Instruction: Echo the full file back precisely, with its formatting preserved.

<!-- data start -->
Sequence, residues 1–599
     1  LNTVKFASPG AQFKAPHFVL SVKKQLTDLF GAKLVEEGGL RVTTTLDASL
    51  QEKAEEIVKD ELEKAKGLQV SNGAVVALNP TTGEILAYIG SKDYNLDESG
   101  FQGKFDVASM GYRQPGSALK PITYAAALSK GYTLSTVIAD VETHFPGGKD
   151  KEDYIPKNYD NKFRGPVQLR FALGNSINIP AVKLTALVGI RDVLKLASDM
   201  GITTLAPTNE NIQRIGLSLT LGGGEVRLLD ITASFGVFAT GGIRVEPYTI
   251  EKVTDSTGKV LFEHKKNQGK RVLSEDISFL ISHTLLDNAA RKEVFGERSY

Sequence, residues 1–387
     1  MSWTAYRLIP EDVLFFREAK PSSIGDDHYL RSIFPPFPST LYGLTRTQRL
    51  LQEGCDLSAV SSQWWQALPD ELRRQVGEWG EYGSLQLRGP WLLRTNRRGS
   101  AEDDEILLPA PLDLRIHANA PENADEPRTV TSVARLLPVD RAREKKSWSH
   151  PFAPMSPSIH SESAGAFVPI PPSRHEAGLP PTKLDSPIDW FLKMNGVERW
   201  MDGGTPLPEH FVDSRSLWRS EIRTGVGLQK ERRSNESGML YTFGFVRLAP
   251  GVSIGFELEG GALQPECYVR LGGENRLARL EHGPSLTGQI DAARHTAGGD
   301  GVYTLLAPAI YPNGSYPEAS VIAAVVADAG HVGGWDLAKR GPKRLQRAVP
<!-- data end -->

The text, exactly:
Sequence, residues 1–599
     1  LNTVKFASPG AQFKAPHFVL SVKKQLTDLF GAKLVEEGGL RVTTTLDASL
    51  QEKAEEIVKD ELEKAKGLQV SNGAVVALNP TTGEILAYIG SKDYNLDESG
   101  FQGKFDVASM GYRQPGSALK PITYAAALSK GYTLSTVIAD VETHFPGGKD
   151  KEDYIPKNYD NKFRGPVQLR FALGNSINIP AVKLTALVGI RDVLKLASDM
   201  GITTLAPTNE NIQRIGLSLT LGGGEVRLLD ITASFGVFAT GGIRVEPYTI
   251  EKVTDSTGKV LFEHKKNQGK RVLSEDISFL ISHTLLDNAA RKEVFGERSY

Sequence, residues 1–387
     1  MSWTAYRLIP EDVLFFREAK PSSIGDDHYL RSIFPPFPST LYGLTRTQRL
    51  LQEGCDLSAV SSQWWQALPD ELRRQVGEWG EYGSLQLRGP WLLRTNRRGS
   101  AEDDEILLPA PLDLRIHANA PENADEPRTV TSVARLLPVD RAREKKSWSH
   151  PFAPMSPSIH SESAGAFVPI PPSRHEAGLP PTKLDSPIDW FLKMNGVERW
   201  MDGGTPLPEH FVDSRSLWRS EIRTGVGLQK ERRSNESGML YTFGFVRLAP
   251  GVSIGFELEG GALQPECYVR LGGENRLARL EHGPSLTGQI DAARHTAGGD
   301  GVYTLLAPAI YPNGSYPEAS VIAAVVADAG HVGGWDLAKR GPKRLQRAVP